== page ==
Karen Tan Puay Kiow
First woman colonel in the Singapore Armed Forces
Reaching the rank of colonel in the Singapore Armed Forces (SAF) is a significant achievement in itself, but being the country’s first female colonel is even more of a triumph. Karen Tan Puay Kiow achieved that in 2005, 23 years after she joined the SAF. That was the year when she became Commander of the Central Manpower Base (CMPB), the first woman to do the job since the CMPB was established in 1966.
Karen joined the SAF in 1981. Always extremely dedicated to her job, over the years Karen steadily rose in rank. She was one of the first few women in the SAF to be promoted to major. In her early days in the SAF, being a colonel was never her goal, but Karen says she always did her best, and that’s what got her to the heights she reached.
As Singapore’s first female colonel, Karen was an inspiration to young women in the SAF, and to others considering joining. Young female officers studied Karen’s leadership and management style, and could plot their own career paths by examining hers. The SAF, Karen says, has progressed a lot in the last two to three decades and there is now a much greater role for women.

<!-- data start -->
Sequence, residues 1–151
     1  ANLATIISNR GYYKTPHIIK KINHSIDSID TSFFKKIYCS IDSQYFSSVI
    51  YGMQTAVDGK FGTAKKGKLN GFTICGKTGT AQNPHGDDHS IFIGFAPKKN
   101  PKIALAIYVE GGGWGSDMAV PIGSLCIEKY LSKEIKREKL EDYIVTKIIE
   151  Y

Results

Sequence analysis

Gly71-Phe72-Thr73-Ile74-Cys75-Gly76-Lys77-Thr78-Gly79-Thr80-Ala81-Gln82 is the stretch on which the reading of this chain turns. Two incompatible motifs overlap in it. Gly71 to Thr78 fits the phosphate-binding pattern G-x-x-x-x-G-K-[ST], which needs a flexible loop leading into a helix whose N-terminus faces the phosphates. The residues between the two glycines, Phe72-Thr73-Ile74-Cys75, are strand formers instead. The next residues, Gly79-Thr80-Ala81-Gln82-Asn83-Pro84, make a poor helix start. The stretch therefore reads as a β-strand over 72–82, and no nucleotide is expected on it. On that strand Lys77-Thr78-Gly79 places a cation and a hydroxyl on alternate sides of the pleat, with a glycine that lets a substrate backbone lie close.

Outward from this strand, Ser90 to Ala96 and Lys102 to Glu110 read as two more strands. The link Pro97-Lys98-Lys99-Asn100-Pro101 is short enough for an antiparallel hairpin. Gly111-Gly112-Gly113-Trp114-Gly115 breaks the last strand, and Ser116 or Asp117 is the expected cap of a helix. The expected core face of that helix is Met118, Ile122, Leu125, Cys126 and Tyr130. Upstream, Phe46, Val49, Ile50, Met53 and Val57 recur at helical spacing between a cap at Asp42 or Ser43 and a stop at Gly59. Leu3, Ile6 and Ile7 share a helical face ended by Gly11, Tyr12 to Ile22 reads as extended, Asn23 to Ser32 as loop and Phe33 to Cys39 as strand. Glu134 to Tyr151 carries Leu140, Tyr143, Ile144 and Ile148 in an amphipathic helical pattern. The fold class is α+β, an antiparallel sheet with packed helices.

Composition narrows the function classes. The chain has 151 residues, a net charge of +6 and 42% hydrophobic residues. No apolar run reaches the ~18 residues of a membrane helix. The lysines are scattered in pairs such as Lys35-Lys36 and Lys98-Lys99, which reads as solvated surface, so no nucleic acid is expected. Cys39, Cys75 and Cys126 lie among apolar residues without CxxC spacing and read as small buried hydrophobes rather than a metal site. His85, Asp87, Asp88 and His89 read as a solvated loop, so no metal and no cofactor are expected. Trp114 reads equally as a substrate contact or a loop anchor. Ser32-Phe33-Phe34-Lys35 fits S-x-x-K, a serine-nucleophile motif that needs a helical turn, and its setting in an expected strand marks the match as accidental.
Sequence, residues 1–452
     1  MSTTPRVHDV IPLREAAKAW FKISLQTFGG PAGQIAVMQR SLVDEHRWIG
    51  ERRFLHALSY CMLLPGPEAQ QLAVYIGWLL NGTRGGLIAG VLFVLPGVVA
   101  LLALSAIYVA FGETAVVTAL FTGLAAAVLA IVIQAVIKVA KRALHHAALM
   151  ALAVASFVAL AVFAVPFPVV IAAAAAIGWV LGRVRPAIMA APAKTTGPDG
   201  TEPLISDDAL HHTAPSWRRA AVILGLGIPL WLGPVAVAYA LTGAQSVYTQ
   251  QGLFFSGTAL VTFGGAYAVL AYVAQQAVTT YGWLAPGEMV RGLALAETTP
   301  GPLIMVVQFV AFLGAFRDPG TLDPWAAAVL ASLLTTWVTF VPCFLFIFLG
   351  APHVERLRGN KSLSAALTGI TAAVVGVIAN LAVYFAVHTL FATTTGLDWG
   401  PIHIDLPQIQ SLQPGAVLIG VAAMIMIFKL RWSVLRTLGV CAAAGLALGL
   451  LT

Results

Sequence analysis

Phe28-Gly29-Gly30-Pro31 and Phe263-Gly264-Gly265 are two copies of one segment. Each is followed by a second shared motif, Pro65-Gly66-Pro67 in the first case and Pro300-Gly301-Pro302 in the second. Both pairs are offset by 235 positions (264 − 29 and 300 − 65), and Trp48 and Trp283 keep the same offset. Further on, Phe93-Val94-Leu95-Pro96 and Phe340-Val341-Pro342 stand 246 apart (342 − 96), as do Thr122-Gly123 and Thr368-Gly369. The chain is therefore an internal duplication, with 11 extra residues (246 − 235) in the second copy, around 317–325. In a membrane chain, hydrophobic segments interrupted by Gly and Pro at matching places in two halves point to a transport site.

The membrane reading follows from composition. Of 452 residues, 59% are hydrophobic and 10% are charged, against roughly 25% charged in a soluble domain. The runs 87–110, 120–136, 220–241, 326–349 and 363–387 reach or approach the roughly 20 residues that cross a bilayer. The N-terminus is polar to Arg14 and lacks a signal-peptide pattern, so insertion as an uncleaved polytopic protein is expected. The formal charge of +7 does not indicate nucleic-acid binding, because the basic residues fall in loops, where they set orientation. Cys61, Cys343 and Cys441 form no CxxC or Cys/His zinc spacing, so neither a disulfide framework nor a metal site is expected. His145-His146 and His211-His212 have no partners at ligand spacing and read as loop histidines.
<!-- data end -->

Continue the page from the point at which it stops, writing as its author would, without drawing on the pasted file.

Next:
Until taking on the position of CMPB Commander, Karen had always dealt with in-service personnel. When she took charge of the first port of call for entrants to Singapore’s National Service (NS), she relished the opportunity to give new recruits a good introduction to the SAF. It gave her the opportunity to shape in some way their entire NS experience.
Karen also prided herself on bringing a personal touch to the CMPB, by promoting a positive work culture and the importance of bonding. She is on record as saying she wanted the CMPB to be regarded as a “great place to work in, like a big family”.
Karen retired from the SAF in 2007 and is now general manager at ST Electronics (e-Services) Pte Ltd. She is a working mother, balancing the demands of her challenging job with raising two young sons.
“I’m a people person. I believe in leadership by example, in earning respect and not commanding respect by rank.”